Hamilton City Council is at the centre of at least four claims over a leaking townhouse complex in which one owner faced an $81,000 repair bill.
The council has settled a joint claim made through the Weathertight Homes Resolution Service for two of the units at 4a Mill Lane in Hamilton, and faces legal action over two more.
The council would not say how much the settlement cost, but the Herald understands the latest claims, which the council is defending, total more than $800,000.
A former project manager at the site said the claims could have been avoided if the council had enforced recommendations in a report slamming workmanship on the decade-old development.
Andrew Taylor wanted work on the nine-unit development stopped when a report he authorised on the first two townhouses showed evidence of poor construction that would lead to leaking.
But he said his attempts to get the site shut down so points in the Joyce Group report could be addressed, fell on deaf ears at the council in September 2001.
"They asked for it to be done but they didn't enforce it [with the builders]," Mr Taylor said. "We had no authorisation or authority to change things. All we could do was point out what was wrong."
An assessor from the Weathertight Homes Resolution Service said in 2005 the then owner of unit 8 would need to fork out at least $81,000 to fix two leaking bedrooms and bathrooms, a damaged garage wall and rotting timber - but he doubted the repairs would permanently fix the townhouse.
The central city complex was originally designed by renowned Hamilton architect Noel Jessop.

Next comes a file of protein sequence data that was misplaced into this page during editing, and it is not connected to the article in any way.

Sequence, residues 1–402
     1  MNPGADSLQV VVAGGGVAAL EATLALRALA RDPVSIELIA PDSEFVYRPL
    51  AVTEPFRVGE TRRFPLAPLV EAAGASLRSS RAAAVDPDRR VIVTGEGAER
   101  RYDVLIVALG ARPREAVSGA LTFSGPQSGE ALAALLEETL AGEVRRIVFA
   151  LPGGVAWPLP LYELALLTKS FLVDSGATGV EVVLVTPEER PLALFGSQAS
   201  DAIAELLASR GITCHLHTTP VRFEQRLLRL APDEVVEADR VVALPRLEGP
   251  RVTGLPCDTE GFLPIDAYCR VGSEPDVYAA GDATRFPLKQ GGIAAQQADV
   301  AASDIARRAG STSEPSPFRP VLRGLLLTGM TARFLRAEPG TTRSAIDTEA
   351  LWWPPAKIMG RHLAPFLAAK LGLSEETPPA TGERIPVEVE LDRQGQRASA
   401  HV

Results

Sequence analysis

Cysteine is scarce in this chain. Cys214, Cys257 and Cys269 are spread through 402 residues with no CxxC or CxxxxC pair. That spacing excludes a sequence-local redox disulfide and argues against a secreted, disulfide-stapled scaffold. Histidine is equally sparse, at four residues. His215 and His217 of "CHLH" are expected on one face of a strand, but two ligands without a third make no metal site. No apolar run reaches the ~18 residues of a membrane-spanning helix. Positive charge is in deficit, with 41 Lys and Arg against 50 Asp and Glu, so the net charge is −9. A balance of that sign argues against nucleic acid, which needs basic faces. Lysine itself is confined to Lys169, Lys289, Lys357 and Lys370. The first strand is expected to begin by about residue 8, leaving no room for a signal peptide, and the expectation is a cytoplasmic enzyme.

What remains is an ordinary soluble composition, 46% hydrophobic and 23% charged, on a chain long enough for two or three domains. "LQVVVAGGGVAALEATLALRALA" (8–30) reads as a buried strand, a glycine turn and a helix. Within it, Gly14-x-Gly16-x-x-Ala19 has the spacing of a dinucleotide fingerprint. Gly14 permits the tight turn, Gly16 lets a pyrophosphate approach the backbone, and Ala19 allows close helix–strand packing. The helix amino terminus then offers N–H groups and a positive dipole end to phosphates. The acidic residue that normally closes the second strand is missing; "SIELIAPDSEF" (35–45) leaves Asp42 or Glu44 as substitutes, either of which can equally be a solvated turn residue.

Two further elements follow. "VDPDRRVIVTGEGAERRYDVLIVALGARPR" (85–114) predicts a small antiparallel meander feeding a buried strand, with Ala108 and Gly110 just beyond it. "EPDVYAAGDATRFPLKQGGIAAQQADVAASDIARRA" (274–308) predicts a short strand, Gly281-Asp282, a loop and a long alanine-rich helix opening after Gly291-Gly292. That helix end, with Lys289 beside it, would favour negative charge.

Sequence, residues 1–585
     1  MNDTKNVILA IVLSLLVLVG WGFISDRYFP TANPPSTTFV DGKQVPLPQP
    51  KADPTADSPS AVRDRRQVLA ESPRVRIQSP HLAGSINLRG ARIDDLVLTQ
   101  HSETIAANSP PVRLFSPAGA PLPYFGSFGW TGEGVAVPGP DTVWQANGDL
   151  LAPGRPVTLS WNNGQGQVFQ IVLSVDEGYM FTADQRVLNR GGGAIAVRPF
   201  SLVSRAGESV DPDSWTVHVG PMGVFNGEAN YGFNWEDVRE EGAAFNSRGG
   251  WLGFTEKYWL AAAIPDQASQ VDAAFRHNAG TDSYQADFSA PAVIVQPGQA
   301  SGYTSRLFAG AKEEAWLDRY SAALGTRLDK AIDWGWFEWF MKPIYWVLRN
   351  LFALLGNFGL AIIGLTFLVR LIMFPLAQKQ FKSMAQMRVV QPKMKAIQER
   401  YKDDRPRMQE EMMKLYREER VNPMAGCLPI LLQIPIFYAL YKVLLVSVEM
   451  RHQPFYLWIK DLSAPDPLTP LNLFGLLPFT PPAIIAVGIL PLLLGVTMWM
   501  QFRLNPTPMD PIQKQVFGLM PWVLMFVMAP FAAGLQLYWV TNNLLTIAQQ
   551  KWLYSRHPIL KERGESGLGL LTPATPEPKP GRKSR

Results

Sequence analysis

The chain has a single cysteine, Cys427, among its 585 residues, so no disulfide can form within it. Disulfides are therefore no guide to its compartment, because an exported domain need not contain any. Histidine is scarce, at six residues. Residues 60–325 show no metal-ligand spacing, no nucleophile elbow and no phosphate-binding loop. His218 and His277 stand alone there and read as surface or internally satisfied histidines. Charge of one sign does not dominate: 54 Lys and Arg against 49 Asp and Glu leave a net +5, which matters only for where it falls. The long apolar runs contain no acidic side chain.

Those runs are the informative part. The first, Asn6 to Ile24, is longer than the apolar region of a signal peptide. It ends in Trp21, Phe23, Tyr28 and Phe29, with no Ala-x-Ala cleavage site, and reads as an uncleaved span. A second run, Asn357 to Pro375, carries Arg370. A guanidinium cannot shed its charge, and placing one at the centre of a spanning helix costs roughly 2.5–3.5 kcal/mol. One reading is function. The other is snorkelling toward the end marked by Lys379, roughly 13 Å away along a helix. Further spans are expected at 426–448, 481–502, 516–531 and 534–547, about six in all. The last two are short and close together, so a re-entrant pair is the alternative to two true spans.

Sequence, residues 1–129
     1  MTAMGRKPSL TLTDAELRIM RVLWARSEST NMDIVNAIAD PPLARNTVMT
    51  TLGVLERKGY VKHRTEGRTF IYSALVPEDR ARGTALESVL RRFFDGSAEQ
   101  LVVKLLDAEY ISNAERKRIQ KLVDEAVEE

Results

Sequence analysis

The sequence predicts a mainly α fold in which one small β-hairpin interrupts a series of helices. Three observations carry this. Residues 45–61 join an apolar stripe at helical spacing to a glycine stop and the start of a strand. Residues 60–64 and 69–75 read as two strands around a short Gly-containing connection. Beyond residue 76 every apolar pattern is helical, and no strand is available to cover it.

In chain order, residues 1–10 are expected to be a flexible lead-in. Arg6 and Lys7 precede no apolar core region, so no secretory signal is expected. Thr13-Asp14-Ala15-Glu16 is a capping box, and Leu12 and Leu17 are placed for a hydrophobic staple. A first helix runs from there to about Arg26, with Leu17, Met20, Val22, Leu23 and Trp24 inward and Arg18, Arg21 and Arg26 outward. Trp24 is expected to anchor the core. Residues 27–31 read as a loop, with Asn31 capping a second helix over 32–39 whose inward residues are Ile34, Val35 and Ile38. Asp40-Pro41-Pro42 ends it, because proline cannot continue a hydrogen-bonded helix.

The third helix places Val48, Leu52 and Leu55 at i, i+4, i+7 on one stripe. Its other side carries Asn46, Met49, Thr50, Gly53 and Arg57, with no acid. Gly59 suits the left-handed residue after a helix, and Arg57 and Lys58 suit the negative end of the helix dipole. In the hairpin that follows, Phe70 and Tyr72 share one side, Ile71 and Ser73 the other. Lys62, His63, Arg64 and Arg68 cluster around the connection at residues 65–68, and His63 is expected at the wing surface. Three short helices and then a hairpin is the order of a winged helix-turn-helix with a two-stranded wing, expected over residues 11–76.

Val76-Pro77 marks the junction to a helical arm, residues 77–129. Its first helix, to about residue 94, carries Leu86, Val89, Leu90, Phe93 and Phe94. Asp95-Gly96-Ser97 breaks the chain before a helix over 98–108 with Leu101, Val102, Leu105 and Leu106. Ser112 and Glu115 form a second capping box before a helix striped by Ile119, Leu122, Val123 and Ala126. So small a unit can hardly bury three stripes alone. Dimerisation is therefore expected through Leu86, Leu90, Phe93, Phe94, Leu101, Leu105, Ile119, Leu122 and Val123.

But when construction of units 8 and 9 began in 2000, the original timber frame design had been changed to Cornerstone, a design not often used on houses, with internal gutters and no eaves.
Mr Taylor said the council allowed the builders to substantially change the original consented drawings without all the appropriate checks.
His allegation is backed by Weathertight Homes Resolution Service assessor David Lewis, who reported that "engineering drawings looked vague and the calculations didn't look right and the documentation as a whole seemed to lack construction detail and useful information".
Mr Lewis noted a list of 20 code of compliance certificate issues compiled by Mr Taylor in early October 2001 were not adhered to.
"None of these items seem to have been correctly addressed by the Hamilton City Council, as most of them are the items contributing to the problems," Mr Lewis said.
He added that if several hand-written notes in the rough council documentation relating to some of the problem areas had been followed through and eliminated or rectified at the time of construction, "we would not be in this situation now".
Mr Taylor claims that not only did the council not adequately address the concerns raised in the Joyce Group report, but it went on to issue building consents with the same flawed designs for units 3, 4 and 5.
A former owner of one of the affected properties said the situation had been messy and drawn out, and it had left her out of pocket.
She could not comment further because her settlement was confidential.
Hamilton City Council building control manager Phil Saunders confirmed the council was facing two claims.
But he said he could not comment because it was before the court.